Kayla Buium is a young emerging artist from Toronto, Canada. She grew up in North York where her grandparents introduced her to the world of fine arts. Art was always her passion but being raised in a creative family inspired her to take it more seriously. In her teenage years she attended Earl Haig S.S. and majored in visual arts where she was inspired by the world of modern art.
Her art style is heavily influenced by the works of Alex Pardee and Doctor Seuss. She explores a variety of media from sculpture, acrylic and even street signs.
Wanjin Gim aka Willeys was born in the Republic of Korea and is currently living in Seoul. Wanjin usually paints nudes. Fascinated by Lucian Freud’s paintings, he is mainly devoted to expressing the abstract curves of the human body and the infinite color of the surface of the flesh. In recent years, the idea has expanded to conceptual and meta-physical work.
Mark Mulroney considers sex and gore as primary means of defiance, and accordingly, guts, exaggerated genitalia, bloody wounds, and well-endowed pin-up girls take center stage in his surrealistic, comic-style paintings and sculptures. By way of explaining the series, Mulroney, who is not known for his discretion, says, “I just relied on my usual methods: put a boner on something or make it bleed.”
Brooklyn based Mira Dancy’s bold paintings collate Classicism with advertising culture in order to explore contemporary female issues. Throughout her paintings, Dancy seeks to appropriate the Classic female nude as a contemporary symbol of strength and self-possession.
Taking a feminist approach, Dancy makes powerful, expressive works centered on the female nude. She works primarily on canvas, but has also branched out into wall painting, neon light pieces, projected images, and even shower curtains.
Parra (Pieter Janssen) was born in 1976 in The Netherlands and is currently based in Amsterdam. The largely self-taught artist began his career drawing flyers and posters for music venues in Amsterdam in the 1990s. In 2012, he was commissioned by the San Francisco Museum of Modern Art (SFMoMA) to create Weirded Out, a 60-foot indoor mural, currently part of their permanent collection.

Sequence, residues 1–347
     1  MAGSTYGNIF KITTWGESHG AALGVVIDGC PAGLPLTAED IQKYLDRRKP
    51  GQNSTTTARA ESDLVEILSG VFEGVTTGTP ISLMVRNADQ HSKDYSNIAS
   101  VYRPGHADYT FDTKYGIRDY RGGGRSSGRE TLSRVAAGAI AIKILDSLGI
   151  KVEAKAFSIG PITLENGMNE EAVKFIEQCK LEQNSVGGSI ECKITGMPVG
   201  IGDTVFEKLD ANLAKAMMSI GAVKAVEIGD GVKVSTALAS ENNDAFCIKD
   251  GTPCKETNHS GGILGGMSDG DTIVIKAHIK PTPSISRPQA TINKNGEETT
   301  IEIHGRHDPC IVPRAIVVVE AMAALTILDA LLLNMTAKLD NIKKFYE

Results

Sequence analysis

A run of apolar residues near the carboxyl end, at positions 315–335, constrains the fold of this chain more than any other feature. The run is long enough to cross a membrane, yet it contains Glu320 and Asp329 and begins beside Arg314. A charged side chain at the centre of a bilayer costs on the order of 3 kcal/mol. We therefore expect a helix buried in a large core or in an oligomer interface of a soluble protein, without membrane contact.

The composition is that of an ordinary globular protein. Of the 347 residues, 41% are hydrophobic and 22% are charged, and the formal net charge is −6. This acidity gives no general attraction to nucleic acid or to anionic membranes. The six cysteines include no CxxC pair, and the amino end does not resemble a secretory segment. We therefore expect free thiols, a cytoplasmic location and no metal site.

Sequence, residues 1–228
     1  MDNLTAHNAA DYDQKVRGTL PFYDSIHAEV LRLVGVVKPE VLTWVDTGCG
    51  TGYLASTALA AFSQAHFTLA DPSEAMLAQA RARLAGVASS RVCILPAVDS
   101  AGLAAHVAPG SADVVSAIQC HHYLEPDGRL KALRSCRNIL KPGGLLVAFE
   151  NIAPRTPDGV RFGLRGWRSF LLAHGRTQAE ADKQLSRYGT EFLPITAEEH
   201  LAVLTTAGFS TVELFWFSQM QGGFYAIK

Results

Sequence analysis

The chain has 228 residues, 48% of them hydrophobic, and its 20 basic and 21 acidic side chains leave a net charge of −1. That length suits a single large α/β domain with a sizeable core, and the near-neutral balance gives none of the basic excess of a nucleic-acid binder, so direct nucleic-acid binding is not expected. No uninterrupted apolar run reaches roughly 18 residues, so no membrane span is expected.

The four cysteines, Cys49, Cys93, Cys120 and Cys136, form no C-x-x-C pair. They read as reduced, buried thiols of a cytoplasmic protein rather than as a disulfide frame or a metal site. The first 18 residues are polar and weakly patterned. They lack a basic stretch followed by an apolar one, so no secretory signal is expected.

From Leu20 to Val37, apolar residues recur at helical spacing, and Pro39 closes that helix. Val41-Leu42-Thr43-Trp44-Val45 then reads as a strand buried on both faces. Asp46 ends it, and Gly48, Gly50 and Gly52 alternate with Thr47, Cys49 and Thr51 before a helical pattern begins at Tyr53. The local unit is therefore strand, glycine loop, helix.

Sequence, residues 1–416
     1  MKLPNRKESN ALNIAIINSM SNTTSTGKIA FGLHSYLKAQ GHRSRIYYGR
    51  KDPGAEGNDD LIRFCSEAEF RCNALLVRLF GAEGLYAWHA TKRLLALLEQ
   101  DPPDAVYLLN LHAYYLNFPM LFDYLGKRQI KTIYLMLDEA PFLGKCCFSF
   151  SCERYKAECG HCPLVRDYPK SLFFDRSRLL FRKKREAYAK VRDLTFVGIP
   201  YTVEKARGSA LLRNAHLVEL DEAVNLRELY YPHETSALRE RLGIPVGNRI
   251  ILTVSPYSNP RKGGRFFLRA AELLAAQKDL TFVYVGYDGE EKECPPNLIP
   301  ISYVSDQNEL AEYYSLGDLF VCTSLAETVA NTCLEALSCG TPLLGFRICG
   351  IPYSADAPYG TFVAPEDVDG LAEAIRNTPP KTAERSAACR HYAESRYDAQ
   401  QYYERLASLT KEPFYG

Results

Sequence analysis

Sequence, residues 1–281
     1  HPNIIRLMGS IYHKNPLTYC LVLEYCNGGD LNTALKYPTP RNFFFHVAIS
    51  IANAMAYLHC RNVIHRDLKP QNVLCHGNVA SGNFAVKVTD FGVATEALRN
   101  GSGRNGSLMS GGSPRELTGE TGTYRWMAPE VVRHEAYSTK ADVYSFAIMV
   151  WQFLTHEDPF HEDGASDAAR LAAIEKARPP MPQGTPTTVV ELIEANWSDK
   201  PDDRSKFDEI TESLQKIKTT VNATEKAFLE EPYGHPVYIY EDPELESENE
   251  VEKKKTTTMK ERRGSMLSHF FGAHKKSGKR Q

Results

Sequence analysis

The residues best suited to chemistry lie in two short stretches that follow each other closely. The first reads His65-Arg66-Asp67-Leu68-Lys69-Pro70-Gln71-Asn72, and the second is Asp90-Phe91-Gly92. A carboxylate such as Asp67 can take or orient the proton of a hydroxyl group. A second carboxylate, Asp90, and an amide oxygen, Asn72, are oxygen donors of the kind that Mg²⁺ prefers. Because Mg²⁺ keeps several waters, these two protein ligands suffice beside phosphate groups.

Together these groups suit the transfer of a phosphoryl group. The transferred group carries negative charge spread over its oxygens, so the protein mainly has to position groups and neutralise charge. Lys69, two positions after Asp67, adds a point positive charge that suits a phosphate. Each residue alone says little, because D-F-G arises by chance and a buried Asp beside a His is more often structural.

His signature hand-drawn approach to illustration and design led to collaborations with brands such as Nike, Pendleton and Case Studyo. Parra’s paintings, drawings and sculptures have been exhibited in galleries across Europe, Japan and North America. He also co-founded the apparel label Rockwell by Parra and is a member of electronic music group Le Le.
The playfulness and low-brow style of Oakland-based Jeffrey Cheung’s contorted and often nude male figures has quickly gained traction within the Bay Area. Cheung’s humor translates well across his many paintings, prints, collages, drawings and even murals. His latest series is focused on the physical interaction between males on large scale paintings.
Cheung graduated form the University of California Santa Cruz, and has since shown in a variety of shows throughout the Bay Area as well as City Bird Gallery in Paris, France.
Atlanta-based artist Christina A. West (featured before) is an avid people watcher with a dry sense of humor, active imagination, and an innate impulse to create with her hands. She says that if you meet her and she stares at you a bit too long, she’s probably just picturing you naked.
West’s sculptures do not provide answers or assertions, but embrace uncertainty through the provocation of more questions. The figures are permanently frozen mid-gesture in a moment that encourages the generation of ambiguous narratives. Stripped from the context of previous actions, the figures’ personalities, motives, intentions are malleable and unfixed in the viewers’ minds.
Erik Thor Sandberg produces oil-on-canvas paintings centered on the expressive, allegorical power of the nude. Like earlier masters of his medium, Sandberg explores the intimate, uncanny connection between oil paint and human flesh and considers the figure to be painting’s most natural subject matter.
Using symbolism both established and personal, Sandberg creates narratives without definitive beginnings or ends; he captures pivotal moments and isolates them from time. Upon these suspended moments, the artist abstains from casting judgment and rather, empathizes with the figures that are often transfixed by self-wrought disaster.